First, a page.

That said, I wanted to share what we have learned in recent days, with the caveat that some of this is more conjecture than proof.

The first broad area is how the coronavirus is spread. The CDC believes that some 25% of people infected with the virus are asymptomatic, but still able to spread it to others. A short report published in the British Medical Journal on April 2 from China claims that as many as 78% of new infections detected by culture had no symptoms. Similar findings were reported from a small study in northern Italy. Another new piece of data says that while we are aware the virus is spread by coughing or sneezing, it may also be spread by normal breathing or talking. The bottom line: when you see new advice to wear a mask when out in public, realize that this is more to protect other people from you than to protect you from others.

How about the widely promulgated 6-foot rule? It is based on a Harvard study from the 1930’s. An MIT professor (not Trump’s uncle) claims this is not adequate, and that a vigorous sneeze may propel droplets over 20 feet. Dr. Fauci has no plans to change the CDC advise, but I think we can conclude that 6 feet is the minimum safe distance!

Prevention would be ideal. A vaccine would be best but is a long time away. A peer-reviewed study published this week in EBioMedicine reported on a candidate vaccine that induced an immune response in rodents within two weeks. While encouraging, you must remember that vaccines, which are given to huge numbers of healthy people, must pass stringent tests of both efficacy AND safety before they are approved. Optimistically, we are at least a year away, and probably longer.

A tantalizing study came out this week that showed that the COVID-19 seemed to have less impact in countries that routinely used BCG vaccine, a vaccine to prevent tuberculosis, that is universally given to newborns in Japan and China. It was previously used in France and Spain, but was discontinued years ago, and was never adopted in Italy or the U.S. Several vaccines, including BCG, have been shown to produce non-specific improved immune response against microbes in general. The BCG vaccine is proven safe, and so might be a candidate for use.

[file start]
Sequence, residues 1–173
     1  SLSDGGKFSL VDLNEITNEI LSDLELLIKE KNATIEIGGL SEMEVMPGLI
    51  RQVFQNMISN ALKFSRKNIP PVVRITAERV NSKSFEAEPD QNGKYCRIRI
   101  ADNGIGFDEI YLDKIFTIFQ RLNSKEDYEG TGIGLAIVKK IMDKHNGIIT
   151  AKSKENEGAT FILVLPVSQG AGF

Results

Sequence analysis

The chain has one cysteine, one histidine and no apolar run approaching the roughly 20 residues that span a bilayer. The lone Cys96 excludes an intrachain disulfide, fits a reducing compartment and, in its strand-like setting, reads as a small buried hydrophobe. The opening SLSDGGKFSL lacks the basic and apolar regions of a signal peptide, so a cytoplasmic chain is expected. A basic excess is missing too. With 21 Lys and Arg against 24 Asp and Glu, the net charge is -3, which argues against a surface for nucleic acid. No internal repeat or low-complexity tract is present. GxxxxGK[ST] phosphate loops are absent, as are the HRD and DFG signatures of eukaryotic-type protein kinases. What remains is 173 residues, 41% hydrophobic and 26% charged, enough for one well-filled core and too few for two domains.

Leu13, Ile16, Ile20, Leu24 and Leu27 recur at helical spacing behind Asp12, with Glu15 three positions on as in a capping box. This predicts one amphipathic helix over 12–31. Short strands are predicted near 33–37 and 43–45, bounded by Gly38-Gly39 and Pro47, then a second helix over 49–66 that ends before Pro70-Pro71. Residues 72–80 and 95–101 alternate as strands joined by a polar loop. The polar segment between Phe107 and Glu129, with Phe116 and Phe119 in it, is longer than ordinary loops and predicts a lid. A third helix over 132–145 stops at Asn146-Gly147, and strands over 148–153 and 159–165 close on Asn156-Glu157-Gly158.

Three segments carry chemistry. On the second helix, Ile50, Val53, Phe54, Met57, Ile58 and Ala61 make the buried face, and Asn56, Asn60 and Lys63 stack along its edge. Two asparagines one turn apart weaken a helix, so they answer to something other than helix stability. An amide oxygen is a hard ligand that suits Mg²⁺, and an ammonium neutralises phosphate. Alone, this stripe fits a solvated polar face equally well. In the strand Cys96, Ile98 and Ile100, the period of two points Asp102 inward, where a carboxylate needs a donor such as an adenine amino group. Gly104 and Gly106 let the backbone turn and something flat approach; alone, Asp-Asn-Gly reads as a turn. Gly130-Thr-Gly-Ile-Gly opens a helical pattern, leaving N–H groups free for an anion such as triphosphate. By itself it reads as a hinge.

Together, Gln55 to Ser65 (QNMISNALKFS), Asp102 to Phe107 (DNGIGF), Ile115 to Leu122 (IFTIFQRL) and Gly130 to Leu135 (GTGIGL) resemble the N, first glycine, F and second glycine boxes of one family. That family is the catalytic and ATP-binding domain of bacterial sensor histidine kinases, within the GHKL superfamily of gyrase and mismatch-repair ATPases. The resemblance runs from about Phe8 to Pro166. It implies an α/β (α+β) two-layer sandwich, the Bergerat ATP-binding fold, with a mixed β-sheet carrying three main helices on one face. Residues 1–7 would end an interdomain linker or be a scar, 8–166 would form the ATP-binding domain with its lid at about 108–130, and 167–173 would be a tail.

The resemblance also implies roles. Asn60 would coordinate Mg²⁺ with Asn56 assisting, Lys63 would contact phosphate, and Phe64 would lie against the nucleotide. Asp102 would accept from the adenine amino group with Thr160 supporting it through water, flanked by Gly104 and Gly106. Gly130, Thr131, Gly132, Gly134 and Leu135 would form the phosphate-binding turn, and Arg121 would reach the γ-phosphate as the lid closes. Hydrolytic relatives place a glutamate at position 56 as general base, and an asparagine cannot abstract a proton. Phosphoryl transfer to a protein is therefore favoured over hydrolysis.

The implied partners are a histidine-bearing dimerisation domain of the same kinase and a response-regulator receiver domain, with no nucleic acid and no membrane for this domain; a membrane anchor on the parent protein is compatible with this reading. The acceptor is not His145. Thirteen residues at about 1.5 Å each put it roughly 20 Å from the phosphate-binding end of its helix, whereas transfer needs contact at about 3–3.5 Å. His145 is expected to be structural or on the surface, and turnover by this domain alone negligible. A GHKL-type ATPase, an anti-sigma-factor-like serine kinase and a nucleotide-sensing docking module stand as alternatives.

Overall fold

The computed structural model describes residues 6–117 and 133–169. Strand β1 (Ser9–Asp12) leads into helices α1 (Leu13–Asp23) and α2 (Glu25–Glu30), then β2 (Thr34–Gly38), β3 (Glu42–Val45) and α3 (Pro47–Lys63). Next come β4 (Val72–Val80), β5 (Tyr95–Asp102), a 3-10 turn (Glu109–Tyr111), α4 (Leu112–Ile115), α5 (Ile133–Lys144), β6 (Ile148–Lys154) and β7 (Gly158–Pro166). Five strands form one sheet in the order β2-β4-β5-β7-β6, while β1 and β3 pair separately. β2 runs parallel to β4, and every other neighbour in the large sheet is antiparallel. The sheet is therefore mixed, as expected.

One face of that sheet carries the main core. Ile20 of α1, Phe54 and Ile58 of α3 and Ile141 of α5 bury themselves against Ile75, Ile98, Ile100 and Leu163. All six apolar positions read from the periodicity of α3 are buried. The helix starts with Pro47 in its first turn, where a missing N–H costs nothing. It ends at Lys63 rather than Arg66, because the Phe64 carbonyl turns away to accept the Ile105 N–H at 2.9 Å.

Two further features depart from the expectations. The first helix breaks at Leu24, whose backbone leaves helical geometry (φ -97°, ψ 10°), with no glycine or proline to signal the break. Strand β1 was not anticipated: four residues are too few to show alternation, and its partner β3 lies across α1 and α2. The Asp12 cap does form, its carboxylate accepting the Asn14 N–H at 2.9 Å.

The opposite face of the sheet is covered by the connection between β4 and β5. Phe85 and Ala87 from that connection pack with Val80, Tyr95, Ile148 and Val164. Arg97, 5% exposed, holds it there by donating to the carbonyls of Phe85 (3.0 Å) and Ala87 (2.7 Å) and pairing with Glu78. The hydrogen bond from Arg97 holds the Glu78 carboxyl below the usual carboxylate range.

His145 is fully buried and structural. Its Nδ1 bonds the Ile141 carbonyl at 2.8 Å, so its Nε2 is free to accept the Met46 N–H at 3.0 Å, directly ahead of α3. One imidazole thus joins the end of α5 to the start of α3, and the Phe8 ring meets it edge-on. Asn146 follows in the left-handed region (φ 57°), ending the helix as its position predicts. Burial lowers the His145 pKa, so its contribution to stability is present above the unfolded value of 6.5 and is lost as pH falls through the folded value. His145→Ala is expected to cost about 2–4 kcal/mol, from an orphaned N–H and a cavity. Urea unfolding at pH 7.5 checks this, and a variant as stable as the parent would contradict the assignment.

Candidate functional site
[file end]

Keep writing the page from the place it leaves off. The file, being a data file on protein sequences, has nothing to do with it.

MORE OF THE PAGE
Treatment recommendations for established COVID-19 disease rest on tiny studies and are almost certainly going to mislead as much as help.

A study from China looked at the anti-viral agents lopinavir and ritonavir, used for AIDS, and found they had no benefit in a study involving 199 moderately severe patients given the drug combination for two weeks. They are being further studied in larger trials sponsored by the World Health Organization.

How about Vitamin C? If you are a devotee of Internet searches, Linus Pauling’s old miracle cure for colds and many other illnesses will cure COVID-19 as well. Well, Vitamin C does NOT cure the common cold, nor is it likely to cure COVID-19. A trial is being done in China, but do not hold your breath.

Finally, what about the “Trump cure:” hydroxychloroquine (HCQ) with or without azithromax. It makes sense to look at hydroxychloroquine as a possible treatment, as it has been shown to have some anti-viral activity in the test tube, but to date the evidence for its benefit to patients is mixed at best. The early French study which I discussed in a prior post, which claimed 100% clearance of the virus in patients given HCQ and azithromax, was bad science and essentially useless to aid in medical decision-making. Two small clinical trials have shown conflicting results. A Chinese study looked at 62 patients, half given 5 days of 400 mg/day HCQ, and half supportive care, and found that treated patients recovered more quickly than those not given the medicine, and that four of those not given HCQ progressed to severe disease while none of the treated patients did. Sounds good? Unfortunately, another French group studied eleven patients using the HCQ/azithromax regimen and found no benefit, as did a second Chinese study of HCQ. Both drugs can cause serious heart rhythm disorders, and when given together may cause sudden death. The proper role for these drugs, singly or together, is in a proper clinical trial, with careful heart monitoring.

What you should do remains the same as it was last week. Stay away from others. Do not go out if you are sick. Cover your face when out. Wash your hands whenever you touch anything outside (or use hand sanitizer). Wash your hands after dealing with the mail or opening packages.


Prescription for Bankruptcy. Buy the book on Amazon